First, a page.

J is for Gerrymander (Part 1)

In David Daley’s eyes Chris Jankowski is a genius. Jankowski is both the hero and anti-hero, of Ratf**ked, of Daley’s “story of how Republicans turned looming demographic disaster into legislative majorities so unbreakable, so impregnable, that none of the outcomes are in doubt until after the 2020 census.”

All it took were maps, a pencil, some states with relatively equal voter registration (like, say, Pennsylvania, Ohio, Michigan, North Carolina), a lot of data and a little money.

Here’s how it worked:

In anticipation of the approaching 2010 census, Jankowski figured that if he flipped a very few state legislative seats in a very few states for very little money, the party in power would be able to draw political boundaries that would ensure its domination for years.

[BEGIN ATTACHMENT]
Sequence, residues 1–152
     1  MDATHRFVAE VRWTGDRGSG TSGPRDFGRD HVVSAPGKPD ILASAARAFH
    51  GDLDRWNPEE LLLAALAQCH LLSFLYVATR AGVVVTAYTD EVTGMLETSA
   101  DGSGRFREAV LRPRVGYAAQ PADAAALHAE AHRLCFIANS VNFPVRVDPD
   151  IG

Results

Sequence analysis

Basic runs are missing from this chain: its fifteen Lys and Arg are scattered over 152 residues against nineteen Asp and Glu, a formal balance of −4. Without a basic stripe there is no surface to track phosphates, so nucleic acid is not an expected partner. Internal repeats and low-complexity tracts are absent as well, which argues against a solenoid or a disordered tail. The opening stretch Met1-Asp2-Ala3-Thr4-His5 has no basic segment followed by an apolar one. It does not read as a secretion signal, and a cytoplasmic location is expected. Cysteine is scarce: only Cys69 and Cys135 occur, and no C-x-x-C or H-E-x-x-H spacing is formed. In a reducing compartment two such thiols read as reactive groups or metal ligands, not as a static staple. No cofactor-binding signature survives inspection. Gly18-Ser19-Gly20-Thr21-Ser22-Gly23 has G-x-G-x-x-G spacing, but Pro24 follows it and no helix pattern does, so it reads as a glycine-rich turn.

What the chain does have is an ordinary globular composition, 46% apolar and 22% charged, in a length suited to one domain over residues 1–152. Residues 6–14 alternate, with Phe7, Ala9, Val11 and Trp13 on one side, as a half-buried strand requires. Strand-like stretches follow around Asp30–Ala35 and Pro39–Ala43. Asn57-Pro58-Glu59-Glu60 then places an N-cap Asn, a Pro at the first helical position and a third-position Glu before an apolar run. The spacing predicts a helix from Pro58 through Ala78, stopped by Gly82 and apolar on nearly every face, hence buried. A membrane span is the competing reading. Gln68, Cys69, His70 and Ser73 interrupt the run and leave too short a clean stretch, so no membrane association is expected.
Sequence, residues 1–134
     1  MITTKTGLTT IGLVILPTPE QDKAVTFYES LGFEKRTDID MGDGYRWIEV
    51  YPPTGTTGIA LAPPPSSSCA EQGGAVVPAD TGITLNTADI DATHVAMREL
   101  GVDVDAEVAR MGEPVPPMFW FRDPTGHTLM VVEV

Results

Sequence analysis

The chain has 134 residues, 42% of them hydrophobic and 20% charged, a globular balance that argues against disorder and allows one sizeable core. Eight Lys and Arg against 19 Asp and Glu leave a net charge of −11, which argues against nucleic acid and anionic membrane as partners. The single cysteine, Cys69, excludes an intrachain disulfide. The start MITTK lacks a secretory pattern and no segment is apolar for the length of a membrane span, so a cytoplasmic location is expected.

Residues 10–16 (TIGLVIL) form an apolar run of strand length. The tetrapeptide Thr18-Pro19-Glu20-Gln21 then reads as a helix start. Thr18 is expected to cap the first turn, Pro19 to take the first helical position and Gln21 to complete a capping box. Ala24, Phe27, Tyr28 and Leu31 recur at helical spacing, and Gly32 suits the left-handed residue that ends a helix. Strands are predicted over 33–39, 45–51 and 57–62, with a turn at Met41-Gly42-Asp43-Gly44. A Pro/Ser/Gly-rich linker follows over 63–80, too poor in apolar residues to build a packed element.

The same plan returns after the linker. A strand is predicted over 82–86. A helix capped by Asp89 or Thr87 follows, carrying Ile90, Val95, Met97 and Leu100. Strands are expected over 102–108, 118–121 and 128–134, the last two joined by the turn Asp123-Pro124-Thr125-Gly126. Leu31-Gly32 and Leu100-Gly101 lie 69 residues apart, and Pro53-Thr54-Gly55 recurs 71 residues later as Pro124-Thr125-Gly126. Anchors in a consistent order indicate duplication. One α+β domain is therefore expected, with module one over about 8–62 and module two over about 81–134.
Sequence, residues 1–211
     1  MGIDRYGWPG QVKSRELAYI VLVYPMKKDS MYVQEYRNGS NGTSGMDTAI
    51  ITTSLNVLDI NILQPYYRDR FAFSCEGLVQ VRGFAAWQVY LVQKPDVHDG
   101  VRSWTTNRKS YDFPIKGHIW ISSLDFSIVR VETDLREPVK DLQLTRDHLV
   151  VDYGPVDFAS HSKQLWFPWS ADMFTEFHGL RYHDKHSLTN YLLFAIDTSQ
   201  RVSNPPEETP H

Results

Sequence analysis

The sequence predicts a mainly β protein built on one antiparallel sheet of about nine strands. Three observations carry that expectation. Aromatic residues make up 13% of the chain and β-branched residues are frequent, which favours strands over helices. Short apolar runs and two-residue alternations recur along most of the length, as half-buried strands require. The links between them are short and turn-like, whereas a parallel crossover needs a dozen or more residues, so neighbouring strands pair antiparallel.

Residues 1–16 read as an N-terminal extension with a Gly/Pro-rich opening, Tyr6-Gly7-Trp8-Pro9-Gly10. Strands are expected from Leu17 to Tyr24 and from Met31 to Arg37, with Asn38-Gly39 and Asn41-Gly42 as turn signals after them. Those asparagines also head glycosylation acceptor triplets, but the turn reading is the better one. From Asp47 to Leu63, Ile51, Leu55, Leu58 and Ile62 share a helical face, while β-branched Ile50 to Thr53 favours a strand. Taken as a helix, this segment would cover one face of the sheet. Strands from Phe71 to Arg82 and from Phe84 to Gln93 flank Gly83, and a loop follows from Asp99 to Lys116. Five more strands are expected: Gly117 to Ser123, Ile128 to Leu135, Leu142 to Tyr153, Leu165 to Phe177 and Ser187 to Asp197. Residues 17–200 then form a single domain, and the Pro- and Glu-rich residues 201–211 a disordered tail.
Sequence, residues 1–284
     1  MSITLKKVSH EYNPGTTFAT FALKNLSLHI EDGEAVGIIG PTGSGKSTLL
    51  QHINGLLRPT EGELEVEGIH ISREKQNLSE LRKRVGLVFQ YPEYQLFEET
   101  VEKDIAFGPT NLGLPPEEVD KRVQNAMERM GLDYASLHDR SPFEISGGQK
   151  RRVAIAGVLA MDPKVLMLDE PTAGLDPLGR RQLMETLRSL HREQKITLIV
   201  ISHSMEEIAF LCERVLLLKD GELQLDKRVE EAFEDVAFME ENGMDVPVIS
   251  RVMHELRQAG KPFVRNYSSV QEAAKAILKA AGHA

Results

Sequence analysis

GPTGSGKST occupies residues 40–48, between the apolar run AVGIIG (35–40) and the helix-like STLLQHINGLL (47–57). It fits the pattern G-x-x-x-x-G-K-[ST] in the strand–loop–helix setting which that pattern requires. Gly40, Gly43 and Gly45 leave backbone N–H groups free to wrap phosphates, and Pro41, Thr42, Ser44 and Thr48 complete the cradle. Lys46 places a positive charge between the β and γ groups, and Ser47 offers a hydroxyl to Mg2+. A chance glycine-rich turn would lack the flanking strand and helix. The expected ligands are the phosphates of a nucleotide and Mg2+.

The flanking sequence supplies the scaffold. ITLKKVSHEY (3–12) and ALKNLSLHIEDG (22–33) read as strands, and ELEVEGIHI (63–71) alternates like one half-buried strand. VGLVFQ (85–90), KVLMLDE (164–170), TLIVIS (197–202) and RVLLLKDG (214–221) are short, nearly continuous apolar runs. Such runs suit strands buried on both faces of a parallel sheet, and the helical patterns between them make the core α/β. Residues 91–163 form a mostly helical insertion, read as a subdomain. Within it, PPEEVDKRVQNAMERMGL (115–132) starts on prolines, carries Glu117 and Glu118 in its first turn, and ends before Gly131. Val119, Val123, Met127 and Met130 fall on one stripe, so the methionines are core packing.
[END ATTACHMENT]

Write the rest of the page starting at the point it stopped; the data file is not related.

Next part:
How few? Karl Rove estimated that winning 107 legislative seats in 16 states would enable the Republican Party to draw the lines for 190 congressional districts.

How little money? Jankowski raised $30 million total, about what Pat Toomey paid to keep his senate seat in Pennsylvania.

In Part 2 we explore how it was done, from last minute blitzes to the “unholy alliance” to gerrymandered districts like this one.

“Donald Duck kicking Goofy” aka Pennsylvania’s 7th Congressional District.

James G. Blaine

About James G. Blaine

Most of us undervalue what seem our tiny contributions to our communities and the world. As a result, we feel powerless, even victimized. But, like the butterfly effect in science, the lives we lead with our families, in our communities, and at work – all the so-called little things we do – collectively change the world. As I grow older, my ambition grows more modest but not less important: to participate fully and to contribute what I can. That’s my goal with this blog.